Few news items have caused such outrage among my peers this week as the revelation that on a new book cover, our beloved (and auburn-tressed) Anne of Green Gables has gone blond.

Maybe you, like my facebook friends, find this “terribly wrong,” “thoroughly disturbing,” tear-inducing, nausea-inducing, and/or rage-inducing; or maybe, like one of my fellow Christ and Pop Culture writers, you’re saying, “Isn’t Anne of Green Gables just Twilight for Canadians? Or for 5th grade homeschoolers?” (I was a fourth-grade homeschooler when I read it, thank you very much).  Either way, this is a travesty of enormous proportions.

Girls growing up with a blond Anne of Green Gables will get their hair color stereotypes all wrong.  They’ll believe that the definition of “auburn” is yellow, and that blondes, rather than having more fun, or being air-heads, are actually the feisty ones.  Our deep-rooted belief in the red-head as spirited and creative will be overthrown; she’ll be blonde, now.

The cause of friction between young Anne and Gilbert becomes much more vague, given this new color.  When he called her “carrots,” was it due to colorblindness?  If so, wasn’t Anne’s reaction a bit mean-spirited?

Doubtless, young readers will also be confused about the definition of “puffed sleeves,” guessing from the cover that “puffed” must be a synonym for plaid.  Readers may intuit that Canadians must mature much more quickly than Americans, given that the full-figured cover model is their best depiction of a scrawny preteen.

Look, CreateSpace Independent Publishing Platform (an Amazon company for self-publishing endeavors), we get that Lucy Maud Montgomery’s books are in the public domain now, and anyone can print them.  But if you’re hoping to make a profit on your publication, you might consider cracking the book before you re-print it.  Or at least using Google to get your facts straight.

I get that every generation has interpreted Anne a little differently.  But as Josie Leavitt at Publisher’s Weekly explained earlier this week, covers should at least display some sense of historical accuracy, textual accuracy, and appropriate mood.  This Anne looks like “she’s the kind of kid who would sneak out of her boarding school to smoke cigarettes with the math teacher,” not the kind who would reenact “The Lady of Shallot”.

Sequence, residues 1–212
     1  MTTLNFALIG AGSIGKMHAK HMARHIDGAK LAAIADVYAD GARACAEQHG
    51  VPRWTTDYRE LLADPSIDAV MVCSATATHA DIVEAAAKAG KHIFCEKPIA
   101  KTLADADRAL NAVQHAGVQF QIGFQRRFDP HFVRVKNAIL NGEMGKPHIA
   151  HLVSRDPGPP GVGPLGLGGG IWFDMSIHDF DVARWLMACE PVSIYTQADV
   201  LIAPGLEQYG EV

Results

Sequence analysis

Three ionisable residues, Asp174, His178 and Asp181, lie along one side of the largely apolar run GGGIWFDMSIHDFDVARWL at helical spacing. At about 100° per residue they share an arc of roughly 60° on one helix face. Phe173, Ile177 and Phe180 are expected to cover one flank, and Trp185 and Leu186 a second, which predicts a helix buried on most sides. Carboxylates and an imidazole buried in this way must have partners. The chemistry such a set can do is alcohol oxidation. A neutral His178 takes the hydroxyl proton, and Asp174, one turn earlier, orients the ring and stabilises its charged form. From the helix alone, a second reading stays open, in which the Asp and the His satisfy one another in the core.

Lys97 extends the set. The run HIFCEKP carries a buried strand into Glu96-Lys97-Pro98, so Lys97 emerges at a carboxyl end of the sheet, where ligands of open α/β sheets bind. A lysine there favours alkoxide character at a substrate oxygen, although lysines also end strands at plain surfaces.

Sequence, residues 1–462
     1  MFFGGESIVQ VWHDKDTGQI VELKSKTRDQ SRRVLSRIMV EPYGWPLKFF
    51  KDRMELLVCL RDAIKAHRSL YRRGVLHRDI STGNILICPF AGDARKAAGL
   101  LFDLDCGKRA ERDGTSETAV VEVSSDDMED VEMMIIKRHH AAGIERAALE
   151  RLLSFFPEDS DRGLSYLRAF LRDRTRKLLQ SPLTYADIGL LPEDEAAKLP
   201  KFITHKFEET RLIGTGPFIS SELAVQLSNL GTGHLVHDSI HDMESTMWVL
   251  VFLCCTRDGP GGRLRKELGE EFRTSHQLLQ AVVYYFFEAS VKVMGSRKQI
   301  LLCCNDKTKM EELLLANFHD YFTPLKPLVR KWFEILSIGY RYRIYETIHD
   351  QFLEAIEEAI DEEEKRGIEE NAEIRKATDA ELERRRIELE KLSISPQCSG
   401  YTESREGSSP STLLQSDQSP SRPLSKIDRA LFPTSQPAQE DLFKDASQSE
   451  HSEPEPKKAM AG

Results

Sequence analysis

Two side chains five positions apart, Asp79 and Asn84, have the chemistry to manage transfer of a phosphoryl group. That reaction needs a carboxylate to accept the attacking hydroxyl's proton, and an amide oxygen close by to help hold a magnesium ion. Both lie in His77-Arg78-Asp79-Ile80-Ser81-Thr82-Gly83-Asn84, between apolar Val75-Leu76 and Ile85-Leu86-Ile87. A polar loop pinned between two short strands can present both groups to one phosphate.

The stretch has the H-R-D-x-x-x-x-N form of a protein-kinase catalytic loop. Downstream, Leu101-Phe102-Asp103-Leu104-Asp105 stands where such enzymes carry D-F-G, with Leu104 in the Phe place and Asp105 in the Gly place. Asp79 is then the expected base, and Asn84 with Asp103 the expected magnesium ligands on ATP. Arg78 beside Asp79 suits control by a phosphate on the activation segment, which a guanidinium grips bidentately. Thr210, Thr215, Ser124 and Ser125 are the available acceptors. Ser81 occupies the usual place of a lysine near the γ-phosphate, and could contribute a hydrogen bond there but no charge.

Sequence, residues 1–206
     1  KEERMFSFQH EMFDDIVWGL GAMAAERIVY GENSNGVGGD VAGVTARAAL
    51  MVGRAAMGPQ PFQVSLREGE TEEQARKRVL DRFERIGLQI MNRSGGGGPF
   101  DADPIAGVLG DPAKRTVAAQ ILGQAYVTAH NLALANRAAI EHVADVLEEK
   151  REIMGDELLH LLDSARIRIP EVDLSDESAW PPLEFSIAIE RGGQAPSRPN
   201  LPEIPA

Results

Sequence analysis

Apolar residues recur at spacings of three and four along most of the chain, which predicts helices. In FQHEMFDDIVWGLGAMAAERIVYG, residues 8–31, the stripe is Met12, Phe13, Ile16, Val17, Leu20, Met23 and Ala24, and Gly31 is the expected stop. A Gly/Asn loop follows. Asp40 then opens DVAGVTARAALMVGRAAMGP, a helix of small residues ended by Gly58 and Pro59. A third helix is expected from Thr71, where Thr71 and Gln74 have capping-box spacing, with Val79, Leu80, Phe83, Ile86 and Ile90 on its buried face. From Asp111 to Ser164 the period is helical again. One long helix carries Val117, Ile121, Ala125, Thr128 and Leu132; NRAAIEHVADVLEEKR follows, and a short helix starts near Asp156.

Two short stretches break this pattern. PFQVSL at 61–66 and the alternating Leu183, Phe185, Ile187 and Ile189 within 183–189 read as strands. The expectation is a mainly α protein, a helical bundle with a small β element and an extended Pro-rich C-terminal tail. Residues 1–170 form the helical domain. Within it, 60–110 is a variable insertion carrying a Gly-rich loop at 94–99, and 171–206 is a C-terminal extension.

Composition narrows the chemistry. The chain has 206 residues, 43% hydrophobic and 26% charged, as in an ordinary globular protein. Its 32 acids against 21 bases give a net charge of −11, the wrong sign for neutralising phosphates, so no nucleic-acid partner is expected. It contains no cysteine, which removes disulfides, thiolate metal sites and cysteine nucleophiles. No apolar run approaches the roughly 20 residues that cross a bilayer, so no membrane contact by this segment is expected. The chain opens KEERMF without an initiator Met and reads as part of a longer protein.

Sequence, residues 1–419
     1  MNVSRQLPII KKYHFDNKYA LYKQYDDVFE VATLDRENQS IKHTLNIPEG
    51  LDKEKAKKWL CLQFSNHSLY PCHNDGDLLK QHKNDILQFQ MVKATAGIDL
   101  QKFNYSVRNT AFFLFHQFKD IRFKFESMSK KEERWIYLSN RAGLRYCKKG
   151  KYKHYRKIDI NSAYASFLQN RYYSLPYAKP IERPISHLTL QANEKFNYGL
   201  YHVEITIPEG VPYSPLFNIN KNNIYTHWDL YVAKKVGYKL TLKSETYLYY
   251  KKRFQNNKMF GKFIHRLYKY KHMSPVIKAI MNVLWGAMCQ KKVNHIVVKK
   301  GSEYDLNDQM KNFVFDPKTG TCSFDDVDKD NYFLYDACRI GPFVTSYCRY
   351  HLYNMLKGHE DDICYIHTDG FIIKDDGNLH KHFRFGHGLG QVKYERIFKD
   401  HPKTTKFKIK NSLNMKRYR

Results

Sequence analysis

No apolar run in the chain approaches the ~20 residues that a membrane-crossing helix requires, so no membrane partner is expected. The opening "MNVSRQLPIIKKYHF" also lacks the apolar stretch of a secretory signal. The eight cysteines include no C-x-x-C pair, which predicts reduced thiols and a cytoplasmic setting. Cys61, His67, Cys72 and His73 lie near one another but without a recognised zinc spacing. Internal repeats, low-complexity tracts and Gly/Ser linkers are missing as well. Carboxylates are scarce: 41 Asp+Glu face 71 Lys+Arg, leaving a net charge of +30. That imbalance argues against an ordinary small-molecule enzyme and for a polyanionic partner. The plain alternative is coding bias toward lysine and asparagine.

Or, like the atrocious new cover for Sylvia Plath’s classic The Bell Jar, maybe this is just what publishers think women will buy (though frankly, this cover seems to appeal more to the men I’ve shown it to than the women).

If our Anne-girl were here, she’d remind us: Every day is fresh, with no mistakes in it, even for you, CreateSpace Independent Publishing Platform.  It’s not too late to change, or at least to find a better stock photo to use.  But as you’re searching the stock photo archives, remember this: we don’t need diamond sunbursts, or marble halls: we just need Anne.


  1. This is really dull and awful. The cover definitely suggests that the marketing department had never read the works *or* seen the movies. (I liked the movies, but my sister read the books. I couldn’t hack LMM’s purple prose, preferring Austen.) The cover’s representation of Anne as a buxom farm lass born & bred of hardy Minnesota Viking stock is bound to betray prurient boys to frustration and disappointment; I cannot imagine that it will appeal to the book’s target audience, who are bound to resent the cover if they love the character.

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